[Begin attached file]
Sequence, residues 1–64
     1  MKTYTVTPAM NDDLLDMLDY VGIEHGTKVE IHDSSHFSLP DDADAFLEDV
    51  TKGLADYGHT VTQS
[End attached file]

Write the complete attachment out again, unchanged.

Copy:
Sequence, residues 1–64
     1  MKTYTVTPAM NDDLLDMLDY VGIEHGTKVE IHDSSHFSLP DDADAFLEDV
    51  TKGLADYGHT VTQS